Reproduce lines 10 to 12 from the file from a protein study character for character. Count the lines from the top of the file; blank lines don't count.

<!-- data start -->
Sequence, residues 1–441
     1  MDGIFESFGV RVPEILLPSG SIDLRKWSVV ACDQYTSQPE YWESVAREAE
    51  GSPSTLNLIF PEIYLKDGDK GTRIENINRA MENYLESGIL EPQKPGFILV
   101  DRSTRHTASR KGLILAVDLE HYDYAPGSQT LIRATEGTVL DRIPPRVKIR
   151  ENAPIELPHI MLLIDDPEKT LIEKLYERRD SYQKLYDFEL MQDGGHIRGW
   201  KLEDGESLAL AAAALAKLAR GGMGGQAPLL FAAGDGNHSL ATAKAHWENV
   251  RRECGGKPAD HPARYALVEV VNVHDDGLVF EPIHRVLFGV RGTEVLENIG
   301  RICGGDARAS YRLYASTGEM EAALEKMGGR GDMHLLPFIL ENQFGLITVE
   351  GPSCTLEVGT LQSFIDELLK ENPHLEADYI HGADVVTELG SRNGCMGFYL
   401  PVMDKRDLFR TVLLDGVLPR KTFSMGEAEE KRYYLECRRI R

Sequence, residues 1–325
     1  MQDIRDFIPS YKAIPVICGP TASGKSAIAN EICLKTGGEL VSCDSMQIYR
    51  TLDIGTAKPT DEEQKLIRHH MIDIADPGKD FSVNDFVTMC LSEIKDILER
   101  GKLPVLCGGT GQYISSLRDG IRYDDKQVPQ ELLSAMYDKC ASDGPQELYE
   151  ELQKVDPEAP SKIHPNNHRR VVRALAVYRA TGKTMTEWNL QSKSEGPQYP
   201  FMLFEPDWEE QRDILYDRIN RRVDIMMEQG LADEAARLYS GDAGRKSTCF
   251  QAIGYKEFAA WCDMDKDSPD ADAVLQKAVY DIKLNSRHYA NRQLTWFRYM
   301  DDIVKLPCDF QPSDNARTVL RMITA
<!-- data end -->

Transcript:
   401  PVMDKRDLFR TVLLDGVLPR KTFSMGEAEE KRYYLECRRI R

Sequence, residues 1–325
     1  MQDIRDFIPS YKAIPVICGP TASGKSAIAN EICLKTGGEL VSCDSMQIYR